This is post # 2 in my series on the 2011 Trafficking in Persons Report. (See post # 1 here). Today I’m addressing the report’s evaluation of the U.S. government’s training programs to help officials identify and assist trafficked persons.
The report includes highlights of various training programs, as well as recommendations for additional ones. Perhaps most impressive is that all asylum field offices have held trainings to identify trafficking victims among their asylum applicants, and all future asylum officers must receive this training. Naturally, however, this raised a question: what about immigration judges? Many asylum seekers’ claims are never filed until after they are in removal proceedings, and thus an immigration judge is the only official to review their application. Extending the training program to immigration judges will help a far broader number of trafficking victims; limiting it to asylum officers halves its effectiveness.
The Department of State’s (DOS) report also notes that Department of Labor (DOL) investigators, often the first government officials to discover labor exploitation, are not given specific trafficking-related training, and the report recommends providing such training. DOS also noted that detention and removal officers are not trained to identify trafficked persons, and recommends training them. As evidence of the problem, the report notes examples cited by NGOs of potential trafficking victims held in immigration detention or placed into removal proceedings. While more could undoubtedly be said on that, DOS has at least highlighted the issue; the lack of training for DOL and detention officers is clearly a problem and it needs to be remedied. Let’s hope the recommendation is meant seriously.
One of the most troubling characterizations of an issue was DOS’s discussion of the 287(g) program. The program, as explained in the report, “authorizes state and local law enforcement agencies to carry out enforcement of certain immigration authorities related to the investigation, apprehension, and detention of unauthorized immigrations.” As an example of a good practice, the report points out that the training for law enforcement agencies that participate includes information about assisting trafficked persons. Then the report briefly mentions that NGOs have cited examples of non-citizen trafficking victims being afraid to report crimes to the police in 287(g) jurisdictions. No recommendation is made regarding this problem.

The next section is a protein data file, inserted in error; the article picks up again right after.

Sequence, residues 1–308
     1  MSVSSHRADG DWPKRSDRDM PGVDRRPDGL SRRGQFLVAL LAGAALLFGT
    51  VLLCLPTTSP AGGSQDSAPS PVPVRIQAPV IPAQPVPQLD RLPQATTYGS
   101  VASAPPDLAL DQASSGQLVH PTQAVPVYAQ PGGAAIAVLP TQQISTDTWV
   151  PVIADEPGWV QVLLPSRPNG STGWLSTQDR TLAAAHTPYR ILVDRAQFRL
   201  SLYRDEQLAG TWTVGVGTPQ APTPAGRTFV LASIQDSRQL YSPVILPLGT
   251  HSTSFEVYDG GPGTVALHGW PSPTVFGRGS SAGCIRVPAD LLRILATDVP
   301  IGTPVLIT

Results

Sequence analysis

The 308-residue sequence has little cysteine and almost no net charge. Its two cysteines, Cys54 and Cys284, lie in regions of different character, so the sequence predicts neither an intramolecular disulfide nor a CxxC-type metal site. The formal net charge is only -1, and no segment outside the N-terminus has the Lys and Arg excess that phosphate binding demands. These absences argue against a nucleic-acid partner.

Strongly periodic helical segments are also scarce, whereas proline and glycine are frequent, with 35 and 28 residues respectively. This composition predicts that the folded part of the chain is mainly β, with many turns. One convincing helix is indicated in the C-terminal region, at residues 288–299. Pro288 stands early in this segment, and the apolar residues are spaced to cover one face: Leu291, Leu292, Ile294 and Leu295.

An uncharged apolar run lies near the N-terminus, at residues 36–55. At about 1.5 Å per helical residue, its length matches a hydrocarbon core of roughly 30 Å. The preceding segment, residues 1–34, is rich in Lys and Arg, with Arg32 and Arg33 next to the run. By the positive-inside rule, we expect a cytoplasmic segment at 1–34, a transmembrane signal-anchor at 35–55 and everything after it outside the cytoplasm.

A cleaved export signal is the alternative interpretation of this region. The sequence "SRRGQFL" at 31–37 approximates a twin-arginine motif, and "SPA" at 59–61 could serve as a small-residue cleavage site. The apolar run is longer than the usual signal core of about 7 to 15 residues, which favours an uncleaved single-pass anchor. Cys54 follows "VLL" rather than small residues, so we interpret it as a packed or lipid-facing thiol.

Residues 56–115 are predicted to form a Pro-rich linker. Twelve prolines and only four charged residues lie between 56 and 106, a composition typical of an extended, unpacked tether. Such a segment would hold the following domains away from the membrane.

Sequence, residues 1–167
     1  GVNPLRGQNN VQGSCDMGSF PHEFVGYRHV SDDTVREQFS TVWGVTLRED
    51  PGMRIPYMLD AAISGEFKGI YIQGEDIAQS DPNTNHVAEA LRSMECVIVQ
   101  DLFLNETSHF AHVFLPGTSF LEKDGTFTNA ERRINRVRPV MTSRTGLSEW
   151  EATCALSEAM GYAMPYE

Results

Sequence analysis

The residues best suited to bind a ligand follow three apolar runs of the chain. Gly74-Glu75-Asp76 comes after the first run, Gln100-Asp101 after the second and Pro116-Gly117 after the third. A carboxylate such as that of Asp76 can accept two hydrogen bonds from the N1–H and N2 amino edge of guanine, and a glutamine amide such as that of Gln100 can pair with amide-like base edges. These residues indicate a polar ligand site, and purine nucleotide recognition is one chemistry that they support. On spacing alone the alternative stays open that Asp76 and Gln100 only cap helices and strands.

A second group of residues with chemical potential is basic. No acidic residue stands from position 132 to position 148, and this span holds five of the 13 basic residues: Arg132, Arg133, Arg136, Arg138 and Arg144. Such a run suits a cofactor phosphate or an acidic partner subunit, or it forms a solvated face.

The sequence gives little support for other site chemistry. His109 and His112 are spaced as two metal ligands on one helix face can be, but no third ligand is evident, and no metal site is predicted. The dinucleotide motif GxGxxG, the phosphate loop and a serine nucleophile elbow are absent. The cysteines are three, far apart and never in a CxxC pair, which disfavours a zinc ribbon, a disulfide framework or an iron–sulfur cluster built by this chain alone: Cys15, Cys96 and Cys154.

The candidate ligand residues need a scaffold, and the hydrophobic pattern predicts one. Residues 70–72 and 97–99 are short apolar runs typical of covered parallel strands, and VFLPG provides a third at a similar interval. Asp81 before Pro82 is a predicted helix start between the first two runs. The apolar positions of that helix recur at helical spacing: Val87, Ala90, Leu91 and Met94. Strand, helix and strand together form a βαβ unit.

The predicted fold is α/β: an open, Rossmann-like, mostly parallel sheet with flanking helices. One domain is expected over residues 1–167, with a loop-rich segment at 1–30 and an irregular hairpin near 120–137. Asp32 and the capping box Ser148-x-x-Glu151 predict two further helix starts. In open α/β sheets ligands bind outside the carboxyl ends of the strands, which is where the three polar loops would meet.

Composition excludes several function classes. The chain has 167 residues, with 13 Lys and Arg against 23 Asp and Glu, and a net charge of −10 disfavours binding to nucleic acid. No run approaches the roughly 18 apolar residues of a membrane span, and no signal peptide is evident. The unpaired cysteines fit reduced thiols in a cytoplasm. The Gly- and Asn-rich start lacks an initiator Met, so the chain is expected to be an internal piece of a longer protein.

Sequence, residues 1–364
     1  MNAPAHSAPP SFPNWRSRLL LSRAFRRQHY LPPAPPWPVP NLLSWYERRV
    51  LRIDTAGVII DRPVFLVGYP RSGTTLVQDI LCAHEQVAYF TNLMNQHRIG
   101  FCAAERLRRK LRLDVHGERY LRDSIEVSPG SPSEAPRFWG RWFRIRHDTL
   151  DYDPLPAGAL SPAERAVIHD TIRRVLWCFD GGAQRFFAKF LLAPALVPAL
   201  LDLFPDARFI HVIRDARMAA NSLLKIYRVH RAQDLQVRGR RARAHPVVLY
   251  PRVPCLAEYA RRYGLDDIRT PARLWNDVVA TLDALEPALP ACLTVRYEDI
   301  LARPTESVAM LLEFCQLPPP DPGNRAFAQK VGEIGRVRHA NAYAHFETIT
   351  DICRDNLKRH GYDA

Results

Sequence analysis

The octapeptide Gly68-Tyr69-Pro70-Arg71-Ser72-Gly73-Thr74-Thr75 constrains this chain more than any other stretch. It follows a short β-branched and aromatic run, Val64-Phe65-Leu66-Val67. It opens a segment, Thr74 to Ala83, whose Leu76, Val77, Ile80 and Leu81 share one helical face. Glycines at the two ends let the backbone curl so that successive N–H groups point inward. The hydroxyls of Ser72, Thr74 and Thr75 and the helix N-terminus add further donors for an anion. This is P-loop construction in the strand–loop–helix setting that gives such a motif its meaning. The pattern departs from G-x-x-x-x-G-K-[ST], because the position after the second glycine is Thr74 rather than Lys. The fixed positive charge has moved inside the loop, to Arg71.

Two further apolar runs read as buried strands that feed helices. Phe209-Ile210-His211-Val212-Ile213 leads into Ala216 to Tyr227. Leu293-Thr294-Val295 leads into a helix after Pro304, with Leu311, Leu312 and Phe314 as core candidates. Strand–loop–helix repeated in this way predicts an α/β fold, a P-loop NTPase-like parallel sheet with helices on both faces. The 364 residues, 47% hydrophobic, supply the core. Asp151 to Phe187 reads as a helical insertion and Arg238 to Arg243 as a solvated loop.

The way the report makes such bare mention of the problem is troubling enough. DOS could have perhaps more accurately stated the issue: the 287(g) program has probably impeded the discovery of trafficking situations and the provision of assistance to victims. Many advocates, as well as law enforcement officials in non-287(g) jurisdictions, have complained that the program will cause undocumented immigrants to avoid reporting crimes to the police, for fear of being detained on an immigration basis or deported. Advocates have also complained of racial profiling and other abuses of the program, problems apparently too unrelated to anti-trafficking efforts to be mentioned in the report. Given these issues, it seems unlikely that any training on trafficking will actually result in greater assistance being provided to trafficked persons in 287(g) jurisdictions.
The training of asylum officers is a great first step, and DOL training should also prove a benefit for many trafficked persons. But the mere existence of a training program or training materials does not ensure that all the needs of trafficked persons will be met. Nor does it absolve the U.S. government of responsibility for overseeing its agencies and programs. I hope that the government takes the complaints it receives about programs like 287(g) more seriously than it appears from this report.